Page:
34 MetalInyoni : The problem is all issues are localised i.e. the NIMBY's in LHR are different from those at LGW or STN. IF they could all negotiate together and agree
35 VS773ER : CHRISBA777ER, you are a legend. How can you be so so right about this toilet of a country!!!!!!! I wholeheartedly concur How can you be so so right a
36 Killjoy : Since we're all bashing LHR here, I'd like to comment that the final insult to travelers is what I think is a weird attitude problem. Perhaps lack of
37 LVHGEL : Sir, welcome to my respect list.
38 Post contains images Standby87 : My turn to sort out LHR: Get the Japanese in and build a new off-shore airport a la Osaka-Kansai in the Thames Estuary Simultaneously, get the Japanes
39 Standby87 : Sorry - duplicate posting....[Edited 2008-04-01 04:04:40]
40 GFFgold : High speed rail connections whisking domestic travellers to and from LON airports is probably more of a pipe-dream than additional runway capacity. Th
41 BuyantUkhaa : However, building an airport in the Thames would mean you could use the recently opened HS line, for at least half of the journey. I do think that a
42 BeechNut : Build it in France. Send a TGV through the Chunnel... Watch de Gaulle laugh uproariously in his grave... "finally, ve beet ze maudit eeengleesh". Bee
43 Wolflair : Chris, you should get and MBE for your "outstanding and cogent portrayal of modern British attitudes towards new infrastructure development. Mate, I
44 Boeing777/747 : Easy. World's running out of fuel. Flying will come to a stop. No airport expansion needed.
45 CHRISBA777ER : I think a return to the month-long business trip to Singapore is long overdue. Two and a half weeks on a sailing/solar hybrid ship, half an hour meet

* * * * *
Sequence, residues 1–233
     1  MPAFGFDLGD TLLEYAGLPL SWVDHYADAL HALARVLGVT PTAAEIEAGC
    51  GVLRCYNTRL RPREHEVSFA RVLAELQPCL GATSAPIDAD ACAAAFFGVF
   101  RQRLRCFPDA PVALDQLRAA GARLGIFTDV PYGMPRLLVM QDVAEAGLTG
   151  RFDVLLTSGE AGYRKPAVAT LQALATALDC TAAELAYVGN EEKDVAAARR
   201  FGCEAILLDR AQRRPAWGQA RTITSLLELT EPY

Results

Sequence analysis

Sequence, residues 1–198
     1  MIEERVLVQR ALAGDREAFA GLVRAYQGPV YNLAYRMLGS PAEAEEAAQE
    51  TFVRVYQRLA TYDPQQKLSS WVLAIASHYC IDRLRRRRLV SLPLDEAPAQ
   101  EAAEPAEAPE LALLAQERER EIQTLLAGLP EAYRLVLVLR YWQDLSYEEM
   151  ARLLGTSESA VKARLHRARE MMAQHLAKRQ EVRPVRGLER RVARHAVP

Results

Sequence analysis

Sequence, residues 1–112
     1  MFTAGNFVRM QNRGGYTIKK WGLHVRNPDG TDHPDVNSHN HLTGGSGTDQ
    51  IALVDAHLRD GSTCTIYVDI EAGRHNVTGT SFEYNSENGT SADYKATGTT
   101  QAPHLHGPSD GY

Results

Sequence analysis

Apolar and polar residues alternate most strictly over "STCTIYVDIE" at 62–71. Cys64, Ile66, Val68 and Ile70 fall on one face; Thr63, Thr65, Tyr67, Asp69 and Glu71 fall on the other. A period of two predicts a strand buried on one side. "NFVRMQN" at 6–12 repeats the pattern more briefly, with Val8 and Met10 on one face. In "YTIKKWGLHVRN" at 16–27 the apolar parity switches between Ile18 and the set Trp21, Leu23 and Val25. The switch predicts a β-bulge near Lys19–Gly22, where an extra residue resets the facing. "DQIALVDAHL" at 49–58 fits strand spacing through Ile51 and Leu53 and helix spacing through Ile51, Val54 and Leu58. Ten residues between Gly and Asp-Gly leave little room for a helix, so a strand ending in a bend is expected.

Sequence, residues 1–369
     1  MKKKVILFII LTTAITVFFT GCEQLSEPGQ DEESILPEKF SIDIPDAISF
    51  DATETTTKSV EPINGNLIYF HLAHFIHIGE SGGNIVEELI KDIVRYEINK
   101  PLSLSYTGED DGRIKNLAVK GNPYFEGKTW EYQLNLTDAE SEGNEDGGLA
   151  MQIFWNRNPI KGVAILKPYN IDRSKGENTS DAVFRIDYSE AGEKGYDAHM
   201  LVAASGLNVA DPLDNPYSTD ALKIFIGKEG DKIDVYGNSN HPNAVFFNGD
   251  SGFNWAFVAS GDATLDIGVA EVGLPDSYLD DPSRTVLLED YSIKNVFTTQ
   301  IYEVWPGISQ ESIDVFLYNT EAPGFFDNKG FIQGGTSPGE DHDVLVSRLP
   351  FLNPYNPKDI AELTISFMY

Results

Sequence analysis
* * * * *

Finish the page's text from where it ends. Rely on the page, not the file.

46 Farnborough24 : Problem with the idea of high speed rail linking LHR (or its replacement) to major UK cities, and thus removing the need for domestic flying, is that
47 SATX : You sound like a reasonable person. That’s why I think you’ll understand when I say we don’t want horses and sailboats, but we would strongly p
48 CHRISBA777ER : Less than 5% of LHR's flights are domestic runs. Factor in Paris, Brussels etc and you've got circa 8-10% of the flights from LHR that you can reason
49 Post contains images CHRISBA777ER : Yes I know - before you point it out. I didnt book it the guys did.
50 Signol : Here's a thought. Build a nice terminal at Northolt. Build a non-stop underground railway line connecting it to LHR. Have both "airside" and "landside
51 Post contains images Ferroviarius : Good evening. May it be that the problem is not that Heathrow is too small but instead that there simply is too much air traffic. I am not an expert i
52 CHRISBA777ER : I think eventually we'll be forced to - air travel for long-haul only.
53 Incitatus : Not that the majority that hasn't flown has turned the opportunity down because of environmental concerns. Most less favored people - given the choic
54 Jfk777 : The Olympics will fix Heathrow since London wants to put on its best face in 2012.
55 CHRISBA777ER : I wish that were true. Fact is, we are going to humiliate ourselves in front of the world. We cannot organise a drinking session in a brewery, nor a
56 GDB : Very funny stuff Chris, but I recall, recently, a very major infrastructure project coming in on time, working as advertised. The major St Pancras upg
57 CHRISBA777ER : I forgot to mention: when its none of the above, its a track failure, staff shortage, signalling problems, flooded track, electrical supply issues, d